Merilyn Packer pulls out a different sort of map to navigate her way through life…
Whenever we go travelling somewhere I generally do most of the navigating. My husband’s turn of mind doesn’t exactly match mine and I don’t always do the job to his exact specification. On the whole, though, we manage quite well. He prefers the GPS on the new iPhone, but I don’t relate to that as well. I like looking at maps. Maps are fascinating. Maps are comforting. Maps become my friends after a few days of folding and refolding them, after a few days of poring over them and pondering various routes and landmarks.
For the duration of a journey a map is vital, central to every day. As soon as we get home, most of them go into the bin. In the normal course of my life, the number of kilometres from Waimangu to Te Kuiti or from Keith to Mt Gambier is of no interest to me. Funny about that. However, when I’m on the road to Mt Gambier or to Te Kuiti and I want to be there by a specific time the number of kilometres is of vital interest. I look from the map to the landmarks and signposts, then back to the map over and over when there’s a time constraint. Will we get there on time? Knowledge is potential peace of mind in that situation.
To navigate well in the real world you do need to look carefully. You have to picture each leg of the journey from different angles or you get a wrong idea of what a certain key intersection will look like. That wrong idea doesn’t matter for most of your life, but can make a huge difference just at the crucial moment when you come to that intersection. On paper it looked like a clear turn left after a slight bend but of course the paper is flat. In real life you might turn a bend and descend rapidly as you approach a bridge over a swiftly flowing river. There are headlights coming at you as evening rapidly closes in. There are a couple of small turnoffs from the road you’re on but are they entrances to properties or public roads? Beyond the bridge is a T-junction with a darkening slope of rock straight ahead. Is this the place you turn left? A careful examination of the maps and the signs makes all the difference between peace and tension, between success and frustration, between getting there and not.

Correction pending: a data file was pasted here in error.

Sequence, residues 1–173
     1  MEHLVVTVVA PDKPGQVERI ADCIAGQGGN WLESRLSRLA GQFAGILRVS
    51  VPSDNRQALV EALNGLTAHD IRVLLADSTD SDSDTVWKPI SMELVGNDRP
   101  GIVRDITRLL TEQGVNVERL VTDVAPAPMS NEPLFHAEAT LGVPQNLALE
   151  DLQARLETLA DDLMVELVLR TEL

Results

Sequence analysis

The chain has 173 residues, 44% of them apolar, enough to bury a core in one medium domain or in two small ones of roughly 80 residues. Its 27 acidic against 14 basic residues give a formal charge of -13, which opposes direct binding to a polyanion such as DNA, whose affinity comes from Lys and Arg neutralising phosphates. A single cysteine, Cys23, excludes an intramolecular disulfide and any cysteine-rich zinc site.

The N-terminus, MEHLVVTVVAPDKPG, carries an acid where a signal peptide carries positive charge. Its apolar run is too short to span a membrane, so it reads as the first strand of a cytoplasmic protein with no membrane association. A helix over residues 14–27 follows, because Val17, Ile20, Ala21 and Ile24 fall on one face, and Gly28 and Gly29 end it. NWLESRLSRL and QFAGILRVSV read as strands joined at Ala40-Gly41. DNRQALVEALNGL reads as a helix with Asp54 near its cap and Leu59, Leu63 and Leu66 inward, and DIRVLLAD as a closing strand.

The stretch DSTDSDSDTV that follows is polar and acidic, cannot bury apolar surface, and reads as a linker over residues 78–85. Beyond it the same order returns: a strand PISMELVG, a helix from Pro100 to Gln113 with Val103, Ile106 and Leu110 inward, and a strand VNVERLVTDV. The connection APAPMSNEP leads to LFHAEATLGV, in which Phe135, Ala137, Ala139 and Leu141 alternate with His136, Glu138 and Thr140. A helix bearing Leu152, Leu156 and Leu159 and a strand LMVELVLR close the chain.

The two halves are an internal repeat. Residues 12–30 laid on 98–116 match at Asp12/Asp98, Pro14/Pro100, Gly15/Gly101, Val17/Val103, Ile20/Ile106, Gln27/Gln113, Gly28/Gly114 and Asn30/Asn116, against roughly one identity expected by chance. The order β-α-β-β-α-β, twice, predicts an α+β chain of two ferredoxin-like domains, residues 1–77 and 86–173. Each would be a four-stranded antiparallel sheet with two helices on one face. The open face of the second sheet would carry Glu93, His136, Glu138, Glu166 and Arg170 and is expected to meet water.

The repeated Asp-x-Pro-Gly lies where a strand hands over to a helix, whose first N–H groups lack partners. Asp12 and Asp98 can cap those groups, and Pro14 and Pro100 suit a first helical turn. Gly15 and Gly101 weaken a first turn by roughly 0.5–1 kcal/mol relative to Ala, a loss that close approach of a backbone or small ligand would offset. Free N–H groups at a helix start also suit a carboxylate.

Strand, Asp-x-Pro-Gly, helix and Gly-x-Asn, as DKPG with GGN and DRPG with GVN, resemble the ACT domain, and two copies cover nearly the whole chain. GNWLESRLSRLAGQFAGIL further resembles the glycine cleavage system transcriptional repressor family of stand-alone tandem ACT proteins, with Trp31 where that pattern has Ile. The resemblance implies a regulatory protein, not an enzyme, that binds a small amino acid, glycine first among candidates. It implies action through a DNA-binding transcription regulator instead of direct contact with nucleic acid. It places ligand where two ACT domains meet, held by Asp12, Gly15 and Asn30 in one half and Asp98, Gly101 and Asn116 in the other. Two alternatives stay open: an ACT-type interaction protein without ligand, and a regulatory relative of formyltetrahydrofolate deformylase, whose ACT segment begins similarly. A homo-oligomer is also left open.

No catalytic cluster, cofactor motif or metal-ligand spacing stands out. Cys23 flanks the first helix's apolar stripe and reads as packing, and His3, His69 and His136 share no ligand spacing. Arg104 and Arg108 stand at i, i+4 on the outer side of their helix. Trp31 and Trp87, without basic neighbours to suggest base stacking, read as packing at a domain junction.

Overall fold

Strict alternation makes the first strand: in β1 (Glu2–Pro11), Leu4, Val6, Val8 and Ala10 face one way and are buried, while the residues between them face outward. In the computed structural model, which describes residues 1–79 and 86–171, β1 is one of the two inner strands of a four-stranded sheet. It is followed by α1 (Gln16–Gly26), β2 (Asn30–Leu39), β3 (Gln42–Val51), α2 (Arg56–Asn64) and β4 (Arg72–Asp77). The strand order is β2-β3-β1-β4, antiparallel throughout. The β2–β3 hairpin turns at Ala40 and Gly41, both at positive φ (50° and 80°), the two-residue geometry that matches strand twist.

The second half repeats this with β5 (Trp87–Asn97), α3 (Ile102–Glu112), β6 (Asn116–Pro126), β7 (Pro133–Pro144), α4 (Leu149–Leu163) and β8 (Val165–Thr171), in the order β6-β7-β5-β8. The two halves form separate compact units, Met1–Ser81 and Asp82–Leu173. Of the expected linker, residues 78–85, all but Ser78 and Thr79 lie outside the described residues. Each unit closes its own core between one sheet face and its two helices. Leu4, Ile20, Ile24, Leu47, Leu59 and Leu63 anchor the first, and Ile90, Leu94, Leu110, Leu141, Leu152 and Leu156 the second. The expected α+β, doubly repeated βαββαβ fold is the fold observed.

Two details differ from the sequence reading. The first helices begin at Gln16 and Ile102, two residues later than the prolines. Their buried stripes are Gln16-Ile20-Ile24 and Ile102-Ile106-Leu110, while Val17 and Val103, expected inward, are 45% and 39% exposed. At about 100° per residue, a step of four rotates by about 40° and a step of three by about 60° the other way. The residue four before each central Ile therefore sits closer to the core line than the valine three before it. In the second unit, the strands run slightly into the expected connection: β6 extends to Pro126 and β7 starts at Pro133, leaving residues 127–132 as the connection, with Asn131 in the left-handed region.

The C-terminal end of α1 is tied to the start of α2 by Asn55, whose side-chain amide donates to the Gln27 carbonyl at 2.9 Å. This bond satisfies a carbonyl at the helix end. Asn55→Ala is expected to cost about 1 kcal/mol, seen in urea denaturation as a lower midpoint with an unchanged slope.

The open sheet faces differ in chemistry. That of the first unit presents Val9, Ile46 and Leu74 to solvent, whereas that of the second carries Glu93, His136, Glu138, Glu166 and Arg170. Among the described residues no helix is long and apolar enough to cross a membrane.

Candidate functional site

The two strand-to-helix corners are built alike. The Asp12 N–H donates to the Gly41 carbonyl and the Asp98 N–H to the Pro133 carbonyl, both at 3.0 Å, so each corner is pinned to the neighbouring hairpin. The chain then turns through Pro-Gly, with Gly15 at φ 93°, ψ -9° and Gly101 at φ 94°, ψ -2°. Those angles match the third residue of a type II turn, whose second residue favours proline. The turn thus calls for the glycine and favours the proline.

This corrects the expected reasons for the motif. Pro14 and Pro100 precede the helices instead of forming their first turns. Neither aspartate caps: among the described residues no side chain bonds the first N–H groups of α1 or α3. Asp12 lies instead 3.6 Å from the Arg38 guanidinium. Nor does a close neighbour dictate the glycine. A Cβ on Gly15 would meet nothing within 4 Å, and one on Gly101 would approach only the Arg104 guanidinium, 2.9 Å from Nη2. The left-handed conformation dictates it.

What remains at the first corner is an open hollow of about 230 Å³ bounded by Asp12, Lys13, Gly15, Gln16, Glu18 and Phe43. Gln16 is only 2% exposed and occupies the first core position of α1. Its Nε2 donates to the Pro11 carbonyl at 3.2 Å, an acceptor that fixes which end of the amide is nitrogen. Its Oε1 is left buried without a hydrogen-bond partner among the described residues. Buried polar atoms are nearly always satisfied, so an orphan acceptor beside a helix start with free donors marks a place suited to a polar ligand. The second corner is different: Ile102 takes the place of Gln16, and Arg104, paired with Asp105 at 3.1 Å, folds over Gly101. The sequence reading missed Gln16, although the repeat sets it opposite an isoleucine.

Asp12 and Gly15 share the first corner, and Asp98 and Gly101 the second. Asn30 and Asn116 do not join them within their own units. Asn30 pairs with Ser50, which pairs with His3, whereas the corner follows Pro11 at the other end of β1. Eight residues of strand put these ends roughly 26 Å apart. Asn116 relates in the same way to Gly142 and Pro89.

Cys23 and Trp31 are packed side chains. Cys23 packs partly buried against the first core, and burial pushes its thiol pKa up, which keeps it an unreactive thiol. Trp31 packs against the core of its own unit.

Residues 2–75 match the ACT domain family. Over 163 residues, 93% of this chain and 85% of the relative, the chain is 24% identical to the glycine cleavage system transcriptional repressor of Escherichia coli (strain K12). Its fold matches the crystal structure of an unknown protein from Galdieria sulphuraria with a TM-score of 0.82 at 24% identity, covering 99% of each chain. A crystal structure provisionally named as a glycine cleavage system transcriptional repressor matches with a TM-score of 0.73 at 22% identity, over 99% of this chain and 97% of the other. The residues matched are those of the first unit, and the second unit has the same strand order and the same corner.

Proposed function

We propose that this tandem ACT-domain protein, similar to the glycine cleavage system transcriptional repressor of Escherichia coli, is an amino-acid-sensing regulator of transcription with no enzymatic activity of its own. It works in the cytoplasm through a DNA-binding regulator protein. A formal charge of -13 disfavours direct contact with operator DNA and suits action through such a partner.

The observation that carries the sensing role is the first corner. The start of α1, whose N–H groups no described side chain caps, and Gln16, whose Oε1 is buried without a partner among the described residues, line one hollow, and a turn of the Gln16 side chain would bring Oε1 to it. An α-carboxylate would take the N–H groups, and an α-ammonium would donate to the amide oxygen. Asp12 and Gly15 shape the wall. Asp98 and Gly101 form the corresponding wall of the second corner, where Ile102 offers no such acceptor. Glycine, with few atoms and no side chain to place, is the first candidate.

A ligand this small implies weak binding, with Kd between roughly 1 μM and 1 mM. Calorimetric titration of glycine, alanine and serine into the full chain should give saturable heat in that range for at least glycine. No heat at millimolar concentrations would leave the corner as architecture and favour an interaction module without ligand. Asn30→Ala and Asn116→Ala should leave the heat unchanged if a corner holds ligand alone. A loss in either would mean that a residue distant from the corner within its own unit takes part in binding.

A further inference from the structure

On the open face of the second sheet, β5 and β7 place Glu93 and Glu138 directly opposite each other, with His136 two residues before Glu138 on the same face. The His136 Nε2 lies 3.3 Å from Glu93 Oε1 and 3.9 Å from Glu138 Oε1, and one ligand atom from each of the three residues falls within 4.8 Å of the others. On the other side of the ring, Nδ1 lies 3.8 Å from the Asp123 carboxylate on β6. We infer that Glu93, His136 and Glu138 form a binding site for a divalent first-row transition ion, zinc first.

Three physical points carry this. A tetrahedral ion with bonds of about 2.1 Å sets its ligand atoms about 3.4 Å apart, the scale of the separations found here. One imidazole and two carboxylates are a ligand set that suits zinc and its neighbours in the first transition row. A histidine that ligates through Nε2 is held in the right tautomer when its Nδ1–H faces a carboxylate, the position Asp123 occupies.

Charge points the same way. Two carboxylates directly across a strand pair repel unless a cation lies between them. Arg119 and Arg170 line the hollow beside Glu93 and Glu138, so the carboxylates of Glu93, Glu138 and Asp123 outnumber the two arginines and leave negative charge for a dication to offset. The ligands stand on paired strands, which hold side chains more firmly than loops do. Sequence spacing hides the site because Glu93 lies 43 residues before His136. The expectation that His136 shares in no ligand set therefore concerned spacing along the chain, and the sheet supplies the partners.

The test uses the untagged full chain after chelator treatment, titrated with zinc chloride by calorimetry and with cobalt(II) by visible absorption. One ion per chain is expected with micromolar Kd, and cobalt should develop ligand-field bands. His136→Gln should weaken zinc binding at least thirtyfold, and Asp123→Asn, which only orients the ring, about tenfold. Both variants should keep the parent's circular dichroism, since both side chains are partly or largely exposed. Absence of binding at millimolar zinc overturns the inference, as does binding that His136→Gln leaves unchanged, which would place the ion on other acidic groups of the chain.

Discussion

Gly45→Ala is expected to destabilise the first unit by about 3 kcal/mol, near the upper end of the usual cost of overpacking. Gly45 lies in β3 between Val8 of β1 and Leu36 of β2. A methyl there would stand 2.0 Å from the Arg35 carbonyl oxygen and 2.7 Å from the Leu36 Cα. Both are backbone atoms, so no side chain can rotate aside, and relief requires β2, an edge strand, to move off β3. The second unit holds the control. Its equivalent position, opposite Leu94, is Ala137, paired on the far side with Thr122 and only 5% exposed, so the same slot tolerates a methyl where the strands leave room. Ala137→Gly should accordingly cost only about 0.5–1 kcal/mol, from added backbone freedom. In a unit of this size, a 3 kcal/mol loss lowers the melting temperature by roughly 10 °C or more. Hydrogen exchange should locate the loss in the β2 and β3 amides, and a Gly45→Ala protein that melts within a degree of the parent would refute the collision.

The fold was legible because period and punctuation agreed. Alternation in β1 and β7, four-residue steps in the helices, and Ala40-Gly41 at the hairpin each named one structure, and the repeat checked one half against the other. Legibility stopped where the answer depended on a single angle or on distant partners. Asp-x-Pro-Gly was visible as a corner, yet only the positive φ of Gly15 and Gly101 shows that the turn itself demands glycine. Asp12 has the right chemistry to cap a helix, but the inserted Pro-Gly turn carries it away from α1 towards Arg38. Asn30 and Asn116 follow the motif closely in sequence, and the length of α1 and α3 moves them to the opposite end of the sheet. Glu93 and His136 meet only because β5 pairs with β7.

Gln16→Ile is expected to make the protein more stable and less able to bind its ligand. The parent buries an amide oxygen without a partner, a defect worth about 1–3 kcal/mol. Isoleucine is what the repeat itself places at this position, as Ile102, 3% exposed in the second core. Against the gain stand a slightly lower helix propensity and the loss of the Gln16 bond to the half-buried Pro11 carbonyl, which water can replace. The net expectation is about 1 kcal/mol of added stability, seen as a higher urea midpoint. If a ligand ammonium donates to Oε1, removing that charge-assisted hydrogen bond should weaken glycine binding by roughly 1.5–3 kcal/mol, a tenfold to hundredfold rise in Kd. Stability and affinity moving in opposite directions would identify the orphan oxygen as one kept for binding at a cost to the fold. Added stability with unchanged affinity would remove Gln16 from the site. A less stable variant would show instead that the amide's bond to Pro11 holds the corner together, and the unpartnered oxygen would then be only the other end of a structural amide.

It’s passé to liken the Bible to a map, but I can’t help but think of it whenever I’m navigating. It would be hopeless going on a holiday in a new place without a map. It’s hopeless venturing into life without God’s map. Why would I think I don’t need his wisdom and guidance to navigate my life?
You can possess a map and not need it for years. Then it becomes vital when you’re actually travelling that terrain. Similarly various bodies of wisdom in the Bible come into their own as you reach a different terrain in your life. Instructions to honour your parents, or not exasperate your children, or keep your attention on God’s power and beauty, might go right over your head a lot of the time. It’s a different matter when you’re grappling with issues with your parents, or sleep deprived with toddlers, or knocked over by disappointment. God’s input into each section of your life becomes vitally relevant.
And the moral guidelines are so powerful. It’s of great benefit to have studied the map carefully. Flat on paper, God’s instructions – for example about sexual choices – might look clear, easy, even boring. When you’re moving at speed downhill with headlights in your face and evening falling, the terrain looks really different from what you’d imagined. It’s powerful to have carefully studied the map beforehand to know for sure that ‘this is where you turn left’.
The breathtaking coastlines and amazing views are no less vivid because I had a map to help me get there. The experience is no less personal because others have seen it before and drawn a map.
I’m so grateful for the Bible.